Sylvia Plath Papers
Scope and Contents
The Sylvia Plath Papers contain biographical information, photographs, press releases, writings by and about Plath. There is a small amount of correspondence relating to Plath. Most of the items in the collection are published materials. The collection is contained in one box that is 5 linear inches.
Dates of Materials
- Creation: 1950 - 2001
- Creation: Majority of material found within 1952-1963
- Plath, Sylvia (Person)
Conditions Governing Access
This collection is open for use without restriction beyond the standard terms and conditions of Smith College Special Collections.
Conditions Governing Use
Smith College retains copyright of materials created as part of its business operations; however, copyright in other items in this collection may be held by their respective creators. For reproductions of materials that are governed by fair use as defined under U. S. Copyright Law, no permission to cite or publish is required. For instances which may regard materials in the collection not created by Smith College, researchers are responsible for determining who may hold materials' copyrights and obtaining approval from them. Researchers do not need anything further from Smith College Special Collections to move forward with their use.
Biographical / Historical
Sylvia Plath was born in Boston Massachusetts to Aurelia and Otto Plath on October 27, 1932. A talented writer, her first poem was published in the Boston Sunday Herald when she was eight years old. In 1940 her father, a professor of Biology at Boston University died after a long illness, and Plath never fully recovered from this loss. Plath lived in Wellesley, and graduated from Bradford Senior High School, and received the Olive Higgins Prouty Scholarship at Smith College, which she attended from 1950-55.
While at Smith, Plath was very active in many organizations while excelling academically and being named a first group scholar each semester. She was the Press Board Correspondent for the Daily Hampshire Gazette and the Springfield Daily News, and she was also editor of the Smith Review, the college literary magazine. She was also on the editorial board of the Campus Cat, a college humor magazine, as well as secretary of the honor board, a member of Alpha Phi- Kappa Psi, and Phi Beta Kappa. Additionally, Plath taught art at the People's Institute in Northampton and served on the sophomore PUSH committee. In her sophomore year she had several poems published by Harper's Magazine, won two Smith College Prize Awards for Poetry, and she also had several short stories and poems published in Seventeen Magazine. During the summer of 1953, Plath was named one of 20 guest editors of Mademoiselle Magazine. However, in August of that year, Plath attempted to kill herself by overdosing on sleeping pills. She spent the next six months in McLean Hospital.
During the summer of 1954, Plath received a full scholarship to study German at the Harvard Summer School, before returning to Smith that fall for her senior year. After graduating Summa Cum Laude from Smith in June of 1955, she received a Fulbright Fellowship to study in Cambridge. While she was there, she met Ted Hughes. They were married on December 7, 1956, in London. From 1957-58, Plath returned to the United States to be an instructor in English Language and Literature at Smith College, however, although she enjoyed teaching, she found no time to spend on her writing, and so she gave up teaching and settled permanently in England in 1959. In 1960, Plath published her first book of poetry, The Colossus, and in April of that year, bore her first child, Frieda. Two years later, in 1962, her son Nicholas was born. However, Plath's marriage was falling apart, and Hughes eventually left her for another woman. In January of 1963, she published a novel, The Bell Jar, under the pen name, Victoria Lucas. (Although published in England in 1963, it was not published in America until 1971.) A month later, on February 11, 1963 Plath committed suicide. She was 30 years old. A second book of poetry, Ariel, written in the last few months of her life, was published after her death.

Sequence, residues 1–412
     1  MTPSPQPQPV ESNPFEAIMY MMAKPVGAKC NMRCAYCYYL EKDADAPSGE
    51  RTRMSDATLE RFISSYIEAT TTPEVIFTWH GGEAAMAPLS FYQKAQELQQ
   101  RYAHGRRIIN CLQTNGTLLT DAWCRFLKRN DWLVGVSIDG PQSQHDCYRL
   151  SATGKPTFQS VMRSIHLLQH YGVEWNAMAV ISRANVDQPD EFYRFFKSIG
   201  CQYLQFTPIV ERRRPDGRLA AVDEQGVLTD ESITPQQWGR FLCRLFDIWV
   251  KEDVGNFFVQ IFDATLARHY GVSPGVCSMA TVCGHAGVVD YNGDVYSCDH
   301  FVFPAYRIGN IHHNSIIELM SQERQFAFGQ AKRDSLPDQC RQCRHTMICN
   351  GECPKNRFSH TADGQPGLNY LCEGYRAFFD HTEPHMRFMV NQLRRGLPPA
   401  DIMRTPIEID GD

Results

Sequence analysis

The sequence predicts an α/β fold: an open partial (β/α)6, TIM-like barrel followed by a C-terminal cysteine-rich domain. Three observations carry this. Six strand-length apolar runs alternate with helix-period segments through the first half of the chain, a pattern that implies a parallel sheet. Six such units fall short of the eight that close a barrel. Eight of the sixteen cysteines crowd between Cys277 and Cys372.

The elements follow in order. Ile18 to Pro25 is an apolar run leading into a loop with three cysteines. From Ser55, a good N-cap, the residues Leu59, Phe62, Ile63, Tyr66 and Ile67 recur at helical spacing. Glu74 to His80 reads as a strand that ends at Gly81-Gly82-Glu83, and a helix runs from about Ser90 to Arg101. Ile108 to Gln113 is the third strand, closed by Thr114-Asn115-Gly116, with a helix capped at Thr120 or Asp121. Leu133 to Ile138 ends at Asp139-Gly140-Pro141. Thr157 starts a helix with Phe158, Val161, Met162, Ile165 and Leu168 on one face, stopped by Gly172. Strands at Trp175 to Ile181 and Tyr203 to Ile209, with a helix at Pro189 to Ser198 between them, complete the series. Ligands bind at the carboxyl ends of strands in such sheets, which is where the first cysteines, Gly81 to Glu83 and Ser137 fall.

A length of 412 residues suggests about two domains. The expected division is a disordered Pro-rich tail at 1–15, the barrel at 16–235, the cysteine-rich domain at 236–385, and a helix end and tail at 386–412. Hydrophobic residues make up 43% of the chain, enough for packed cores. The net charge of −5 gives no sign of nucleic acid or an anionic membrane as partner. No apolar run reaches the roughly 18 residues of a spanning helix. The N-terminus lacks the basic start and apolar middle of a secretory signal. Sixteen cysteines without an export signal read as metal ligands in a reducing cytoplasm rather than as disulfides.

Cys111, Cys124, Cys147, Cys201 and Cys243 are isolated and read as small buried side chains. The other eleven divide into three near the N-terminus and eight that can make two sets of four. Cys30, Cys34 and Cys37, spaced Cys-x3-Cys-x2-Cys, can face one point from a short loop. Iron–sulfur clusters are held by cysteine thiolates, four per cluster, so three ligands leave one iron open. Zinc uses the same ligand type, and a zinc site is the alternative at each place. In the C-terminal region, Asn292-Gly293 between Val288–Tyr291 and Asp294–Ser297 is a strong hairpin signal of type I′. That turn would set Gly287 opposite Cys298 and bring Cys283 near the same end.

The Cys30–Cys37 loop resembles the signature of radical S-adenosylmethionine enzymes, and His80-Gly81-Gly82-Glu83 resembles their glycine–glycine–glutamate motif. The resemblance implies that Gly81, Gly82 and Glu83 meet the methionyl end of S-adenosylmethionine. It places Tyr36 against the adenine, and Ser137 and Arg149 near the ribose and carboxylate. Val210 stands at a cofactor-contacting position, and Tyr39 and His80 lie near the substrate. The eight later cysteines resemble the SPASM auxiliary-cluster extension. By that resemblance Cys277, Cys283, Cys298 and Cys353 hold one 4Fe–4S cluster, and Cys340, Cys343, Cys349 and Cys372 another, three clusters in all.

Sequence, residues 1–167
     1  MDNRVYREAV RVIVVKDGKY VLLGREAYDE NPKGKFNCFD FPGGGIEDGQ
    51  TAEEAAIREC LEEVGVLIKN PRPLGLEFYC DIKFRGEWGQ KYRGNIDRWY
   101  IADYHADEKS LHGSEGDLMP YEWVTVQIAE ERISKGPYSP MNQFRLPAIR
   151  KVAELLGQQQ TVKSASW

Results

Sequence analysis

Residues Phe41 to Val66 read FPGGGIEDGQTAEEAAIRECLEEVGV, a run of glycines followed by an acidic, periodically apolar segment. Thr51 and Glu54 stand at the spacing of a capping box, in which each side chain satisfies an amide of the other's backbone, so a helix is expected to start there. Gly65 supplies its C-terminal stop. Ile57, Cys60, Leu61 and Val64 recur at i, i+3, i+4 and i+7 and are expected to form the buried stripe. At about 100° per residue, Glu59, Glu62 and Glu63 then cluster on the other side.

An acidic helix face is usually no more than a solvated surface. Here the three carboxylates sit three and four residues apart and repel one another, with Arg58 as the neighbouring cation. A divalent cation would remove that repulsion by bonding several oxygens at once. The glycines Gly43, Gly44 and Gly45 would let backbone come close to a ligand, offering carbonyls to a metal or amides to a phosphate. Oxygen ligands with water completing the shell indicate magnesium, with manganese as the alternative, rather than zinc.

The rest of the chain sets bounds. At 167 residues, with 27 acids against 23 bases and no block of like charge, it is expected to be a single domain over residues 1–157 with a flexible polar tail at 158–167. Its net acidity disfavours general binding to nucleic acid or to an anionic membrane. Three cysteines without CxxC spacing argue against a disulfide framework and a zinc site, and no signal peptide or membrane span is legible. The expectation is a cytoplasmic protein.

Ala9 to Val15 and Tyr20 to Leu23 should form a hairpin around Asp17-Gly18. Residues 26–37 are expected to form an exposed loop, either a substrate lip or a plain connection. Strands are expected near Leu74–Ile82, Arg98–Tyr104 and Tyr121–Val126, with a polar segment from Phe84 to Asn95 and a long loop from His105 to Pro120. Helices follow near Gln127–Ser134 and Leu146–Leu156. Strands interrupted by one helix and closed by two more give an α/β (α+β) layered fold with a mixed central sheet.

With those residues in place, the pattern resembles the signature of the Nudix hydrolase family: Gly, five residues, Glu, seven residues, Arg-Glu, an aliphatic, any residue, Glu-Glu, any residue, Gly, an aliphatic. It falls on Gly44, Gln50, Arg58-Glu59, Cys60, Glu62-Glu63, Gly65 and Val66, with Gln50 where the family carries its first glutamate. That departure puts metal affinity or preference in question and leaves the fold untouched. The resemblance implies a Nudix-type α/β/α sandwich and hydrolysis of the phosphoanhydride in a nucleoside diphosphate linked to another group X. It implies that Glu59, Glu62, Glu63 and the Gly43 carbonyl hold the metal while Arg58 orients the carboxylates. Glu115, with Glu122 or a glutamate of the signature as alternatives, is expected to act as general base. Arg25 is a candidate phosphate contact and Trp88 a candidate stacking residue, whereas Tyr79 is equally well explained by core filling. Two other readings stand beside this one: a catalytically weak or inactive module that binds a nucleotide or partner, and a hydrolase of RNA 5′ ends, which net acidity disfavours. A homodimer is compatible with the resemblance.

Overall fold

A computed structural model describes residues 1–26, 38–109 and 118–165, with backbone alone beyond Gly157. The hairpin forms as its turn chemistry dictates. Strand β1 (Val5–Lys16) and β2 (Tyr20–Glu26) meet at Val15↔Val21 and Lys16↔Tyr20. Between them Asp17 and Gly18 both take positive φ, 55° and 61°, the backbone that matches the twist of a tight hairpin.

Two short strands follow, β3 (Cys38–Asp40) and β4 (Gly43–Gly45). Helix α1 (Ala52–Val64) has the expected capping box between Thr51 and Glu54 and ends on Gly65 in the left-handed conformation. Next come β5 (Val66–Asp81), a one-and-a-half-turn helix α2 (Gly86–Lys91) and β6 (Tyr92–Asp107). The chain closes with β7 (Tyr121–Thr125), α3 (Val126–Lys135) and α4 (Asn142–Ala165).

0.438 linear feet (1 container)
Language of Materials
Professor of English at Smith College and poet, novelist, and essayist. Contains biographical information, photographs, press releases, writings by and about Plath.
Immediate Source of Acquisition
The materials in the Sylvia Plath Hughes papers came to the College Archives from a number of sources.
Please note that prior to 2018, folder inventories were not always updated when new material was added to the collection. As a result, folder inventories may not be complete and folder numbers may be incorrect.
- Finding aid to the Sylvia Plath Papers
- Legacy Finding Aid (Updated)
- Nanci A. Young
- Description rules
- Describing Archives: A Content Standard
- Language of description
- Script of description
- 07/26/2017: This resource was modified by the ArchivesSpace Preprocessor developed by the Harvard Library (https://github.com/harvard-library/archivesspace-preprocessor)
- 2018-11-09: Containers added and finding aid updated as part of College Archives survey
Part of the Smith College Archives Repository
7 Neilson Drive
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